When you’re defining what the game is that’s when you know you’re among the awesome tier.
This tutorial will walk you through the in-game interface, the controls, what it all means and how you can customise it. The focus will very much be on elements unique to Planetary Annihilation.
When this tutorial refers to “clicking” without referencing a mouse button, assume the primary/left mouse button.
Setting Up A Game
Multiplayer games of Planetary Annihilation are hosted on a server in the host’s selected region. You will be prompted to select a region the first time you host a game. Multiplayer games are not hosted on your computer. Planetary Annihilation uses a client-server model, so a player’s computer and Internet connection do not impact other players.
Single-player games may be hosted on your computer or one of the cloud servers, depending on the specifications of your machine. You can force local or remote hosting if desired. See the Local Server setting in the Global Game Settings of the guide for more information.
Uploading Server Mods
If you are using any server mods and hosting a multiplayer game, or your computer isn’t powerful enough to host a local server for skirmishes, you will automatically upload them to your cloud server as an anti-cheat mechanism. The speed at which this occurs is dependent on your upstream bandwidth and the size of the mods.
The individual who creates a lobby will be known as the host. Only the host can change a lobby’s settings. If a host leaves the lobby a new host is selected based on who has been in the lobby the longest.
Game Mode can be set to Free For All or Team Armies.
Free For All means every player is their own army.
Team Armies places each army into a team. In this mode there is a second option: share army. It is a button on the right-side of each army. When clicked all the players in that team become a single army, with as many Commanders as there are players. The army is only defeated once all its Commanders are killed. Beware using the “select Commander” hotkey in this mode as it will select all Commanders on the team. Humans and AIs cannot exist together within a shared army.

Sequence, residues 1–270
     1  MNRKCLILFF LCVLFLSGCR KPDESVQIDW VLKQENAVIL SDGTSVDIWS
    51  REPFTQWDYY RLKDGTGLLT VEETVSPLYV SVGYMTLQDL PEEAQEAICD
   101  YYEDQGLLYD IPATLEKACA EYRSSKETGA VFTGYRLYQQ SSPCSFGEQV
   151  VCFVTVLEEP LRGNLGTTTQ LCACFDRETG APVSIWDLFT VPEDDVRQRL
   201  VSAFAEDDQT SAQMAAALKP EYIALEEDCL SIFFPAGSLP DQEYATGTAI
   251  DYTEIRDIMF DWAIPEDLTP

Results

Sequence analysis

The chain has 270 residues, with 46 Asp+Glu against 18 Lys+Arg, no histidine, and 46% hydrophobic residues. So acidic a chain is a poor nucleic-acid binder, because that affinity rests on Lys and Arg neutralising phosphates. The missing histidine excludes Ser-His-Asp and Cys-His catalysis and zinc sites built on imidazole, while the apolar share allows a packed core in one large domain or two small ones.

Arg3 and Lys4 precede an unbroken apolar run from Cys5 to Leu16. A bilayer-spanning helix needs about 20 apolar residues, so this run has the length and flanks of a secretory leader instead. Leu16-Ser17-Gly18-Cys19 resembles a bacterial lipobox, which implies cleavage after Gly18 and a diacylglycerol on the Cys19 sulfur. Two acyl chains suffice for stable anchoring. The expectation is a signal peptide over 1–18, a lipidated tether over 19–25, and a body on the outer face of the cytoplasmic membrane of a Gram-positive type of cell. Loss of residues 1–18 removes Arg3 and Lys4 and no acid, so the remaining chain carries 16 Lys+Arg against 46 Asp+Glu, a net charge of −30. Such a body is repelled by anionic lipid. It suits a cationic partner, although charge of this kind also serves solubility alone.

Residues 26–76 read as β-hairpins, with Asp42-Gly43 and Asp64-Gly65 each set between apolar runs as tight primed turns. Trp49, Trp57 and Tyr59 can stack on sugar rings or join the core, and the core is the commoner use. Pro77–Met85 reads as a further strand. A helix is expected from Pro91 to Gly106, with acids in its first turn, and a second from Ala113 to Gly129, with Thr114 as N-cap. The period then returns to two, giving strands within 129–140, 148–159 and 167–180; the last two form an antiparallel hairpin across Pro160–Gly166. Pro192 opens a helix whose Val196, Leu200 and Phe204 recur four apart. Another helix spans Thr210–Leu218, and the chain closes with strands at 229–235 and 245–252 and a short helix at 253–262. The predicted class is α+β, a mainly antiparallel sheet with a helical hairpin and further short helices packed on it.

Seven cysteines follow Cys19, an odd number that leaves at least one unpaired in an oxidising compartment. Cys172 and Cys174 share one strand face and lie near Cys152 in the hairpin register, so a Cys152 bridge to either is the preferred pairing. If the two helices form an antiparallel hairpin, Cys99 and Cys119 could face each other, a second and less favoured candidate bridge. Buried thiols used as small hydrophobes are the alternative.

Dynamic Alliances allows you to ally (and un-ally) during the course of a game with other players. Breaking an alliance with someone breaks it both ways. You cannot see alliances between other players. This option is only available when game mode is set to Free For All. The AI will never propose or accept an alliance.
Sudden Death Mode means a team is eliminated when it loses any of its Commanders. It is only available when the game mode is set to Team Armies.
Bounty Mode enables an eco boost for every army killed. If an team is a shared army you must kill the last Commander in that army to claim the bonus. When the last Commander on an army self-destructs the bounty goes to the last player who damaged it.
Sandbox enables the use of dev options such as unit spawning. Controls for this can be found under Settings – Keyboard – Dev.
To the right of each army is its economic multiplier. By default this is set to 1.0. Changing it to 0.5 would give an army 50% of their normal income while setting it to 2.0 would give it 200%. You can set this anywhere from 0 to 5, both for players and the AI.
You can create new systems for use in the System Editor from the main menu, there are also map packs available via Community Mods.
When you load a system, or when first joining a lobby, you will see a rotating graphic in the system area as well as next to your name. Only when both these loading icons have disappeared will you be able to start the game, or select ready. When players join your game they will be greyed out while they load and you will see the loading icon on their row.
Only the host can launch a game, and they can only do so once every player has clicked the ready button. Once they have done this a green tick appears on their row. Any changes to the lobby’s settings by the host removes the ready state from all the players. When you are in a ready state you cannot make any changes to your setup.
The host can add one or more AIs in the lobby. AIs on your team are supported, but not in shared army mode, nor will the AI use or respond to dynamic alliances.
AI difficulty controls how well they manage their economy, their micro level, which player it focuses attacks on, and how smart its threat decision making is. The AI doesn’t cheat at any difficulty level, though you can assign it an eco boost if you so desire. There are also mods which make the AI even tougher.
Once you have your lobby setup, change the top-right setting from PRIVATE to either FRIENDS or PUBLIC depending on who you want to join. FRIENDS is tied to your in-game friends list, not your Steam friends.
Joining A Game
Multiplayer – Custom Game will take you to the server browser. From here select the game you wish to join and click Join Game in the bottom right-hand corner.
When joining a game with server mods you will automatically download them from the server. The speed at which this occurs is dependent on your downstream bandwidth and the size of the mods.
This is the first thing you’ll see when entering a game: a full view of the system. Note that two planets have a numbered arrow pointing to them and that in the top right system list three of the planets have a green icon. The green icons represent planets players can start on, while the numbered arrows represent the spawn options you have been assigned.
You then zoom in on the planets either by positioning your mouse over them and using the scroll wheel, or by clicking the planet in the system list.